Here’s a quick update on an option I missed in my previous post about how to customise the Start Menu and Taskbar for new Windows 10 1607/1703 installs. Update 2017-05-02: This also works with Windows 10 1703 (Creators Update) The method that I used in my previous post would not be suitable for other environments where you would still want users to have some control over apps that were pinned to the Start Menu.
UPDATE: This post is old and intended as a walk through on how my original script was put together for those wishing to learn PowerShell. For the finished, up-to-date script please check out this post and you can download the script from my Microsoft TechNet profile. Recently I’ve been looking into automating my image build process further using PowerShell to create an Image Factory of sorts. There are other similar scripts that I’ve found online, but I like the relatively simple and straightforward method I’ve developed below.
As we hurtle towards the release of the Creators Update, I decided to take a look at the new OOBE (Out Of Box Experience) that users will see when installing the update. The new OOBE has been a part of the Insider preview builds for some time now. It’s main feature is Cortana support, so you can use speech to go through setup which appears to be as much as a cool and useful feature as it is about accessibility.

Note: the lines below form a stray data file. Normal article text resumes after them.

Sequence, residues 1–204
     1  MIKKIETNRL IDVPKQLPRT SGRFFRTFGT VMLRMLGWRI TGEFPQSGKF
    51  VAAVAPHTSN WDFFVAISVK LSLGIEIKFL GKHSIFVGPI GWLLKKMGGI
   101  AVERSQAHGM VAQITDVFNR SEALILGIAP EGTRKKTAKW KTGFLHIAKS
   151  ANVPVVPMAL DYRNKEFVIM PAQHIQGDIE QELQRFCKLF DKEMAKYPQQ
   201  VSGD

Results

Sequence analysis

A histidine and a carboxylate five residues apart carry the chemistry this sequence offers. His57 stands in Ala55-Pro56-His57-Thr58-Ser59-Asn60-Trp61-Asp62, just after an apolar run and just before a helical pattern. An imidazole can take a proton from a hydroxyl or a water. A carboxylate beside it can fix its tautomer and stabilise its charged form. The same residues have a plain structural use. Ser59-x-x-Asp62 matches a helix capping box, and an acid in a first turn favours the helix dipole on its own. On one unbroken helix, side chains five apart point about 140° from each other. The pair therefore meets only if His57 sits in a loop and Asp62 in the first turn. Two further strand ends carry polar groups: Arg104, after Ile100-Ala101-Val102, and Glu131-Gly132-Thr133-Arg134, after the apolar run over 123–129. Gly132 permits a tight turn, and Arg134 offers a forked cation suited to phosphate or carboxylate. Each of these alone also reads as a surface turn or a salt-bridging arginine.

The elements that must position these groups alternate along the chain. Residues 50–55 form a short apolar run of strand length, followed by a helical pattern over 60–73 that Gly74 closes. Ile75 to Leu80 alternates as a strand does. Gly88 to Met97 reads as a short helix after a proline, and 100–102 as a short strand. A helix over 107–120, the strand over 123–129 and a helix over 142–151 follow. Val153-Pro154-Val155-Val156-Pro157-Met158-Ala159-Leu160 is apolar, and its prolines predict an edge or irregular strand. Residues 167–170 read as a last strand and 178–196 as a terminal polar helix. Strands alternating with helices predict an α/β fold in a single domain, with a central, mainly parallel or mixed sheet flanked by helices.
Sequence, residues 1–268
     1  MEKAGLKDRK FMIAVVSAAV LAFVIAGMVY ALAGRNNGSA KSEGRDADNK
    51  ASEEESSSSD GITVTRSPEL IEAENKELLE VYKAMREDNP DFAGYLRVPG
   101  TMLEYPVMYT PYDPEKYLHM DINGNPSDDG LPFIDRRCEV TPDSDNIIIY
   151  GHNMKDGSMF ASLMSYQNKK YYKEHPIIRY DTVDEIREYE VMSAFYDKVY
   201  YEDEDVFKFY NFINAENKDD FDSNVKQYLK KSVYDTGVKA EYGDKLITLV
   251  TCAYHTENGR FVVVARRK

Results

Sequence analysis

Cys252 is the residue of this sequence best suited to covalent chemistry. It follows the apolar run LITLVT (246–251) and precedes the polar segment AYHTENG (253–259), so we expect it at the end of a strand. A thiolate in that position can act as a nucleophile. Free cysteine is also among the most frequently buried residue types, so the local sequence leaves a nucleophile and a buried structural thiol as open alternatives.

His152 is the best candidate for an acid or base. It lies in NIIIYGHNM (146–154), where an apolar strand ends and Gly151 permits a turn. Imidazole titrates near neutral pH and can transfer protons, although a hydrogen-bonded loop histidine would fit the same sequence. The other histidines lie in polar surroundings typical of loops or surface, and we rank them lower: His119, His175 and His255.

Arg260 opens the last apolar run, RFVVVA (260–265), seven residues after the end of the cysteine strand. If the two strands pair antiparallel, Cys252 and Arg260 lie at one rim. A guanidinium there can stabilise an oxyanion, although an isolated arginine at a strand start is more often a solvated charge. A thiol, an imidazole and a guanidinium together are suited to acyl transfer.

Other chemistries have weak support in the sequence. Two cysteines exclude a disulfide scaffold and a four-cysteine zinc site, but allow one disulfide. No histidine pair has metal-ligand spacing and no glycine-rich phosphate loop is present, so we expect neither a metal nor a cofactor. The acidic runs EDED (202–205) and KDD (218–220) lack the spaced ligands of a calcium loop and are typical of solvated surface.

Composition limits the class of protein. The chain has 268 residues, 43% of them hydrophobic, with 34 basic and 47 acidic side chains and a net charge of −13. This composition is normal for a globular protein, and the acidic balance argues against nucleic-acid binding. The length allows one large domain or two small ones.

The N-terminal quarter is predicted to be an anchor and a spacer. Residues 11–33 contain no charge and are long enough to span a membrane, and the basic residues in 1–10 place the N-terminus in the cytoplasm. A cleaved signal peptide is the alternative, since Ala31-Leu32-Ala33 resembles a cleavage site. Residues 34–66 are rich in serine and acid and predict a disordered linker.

You’re probably aware that the Print Screen captures a screenshot and stores it in the clipboard. What you may not know is that Win + Print Screen also captures a screenshot and saves it in Pictures\Screenshots. When you press the key combination, the screen will dim for a second. Man, you learn something new everyday. Additionally if you’re looking for more control over taking screenshots, the awesome Snipping Tool has been in Windows since Windows 7.
Probably the most important thing about troubleshooting anything is having the data on the process. Troubleshooting Task Sequences in Microsoft Deployment Toolkit can be tricky, and has, in the past stumped me for days because I didn’t have, or couldn’t find the right data on what was going wrong. Luckily MDT does have logs - lots of them! During a task sequence they’re kept on the client and by default they’re deleted when the deployment finishes, even if it’s unsuccessful.
I’ve been doing a reasonably large scale Windows 10 deployment recently and I thought I’d feedback on performance of my MDT setup, whilst also taking into account the specification and topology of the network. Below is a screenshot of the times of some successfully completed deployments for reference. As you can see, they’re in the vicinity of around 1hr 30m. Let’s delve into the specs of everything. Windows Server 2016 Standard w/ Desktop Experience 4x vCPU 8GB RAM Dynamically expanding VHDX for C:\ Windows Dynamically expanding VHDX for E:\ Deploymentshare 1x vNIC using the Virtual Host network adaptor The config of the VM is really nothing special, and I could have done some extra work to optimise the configuration.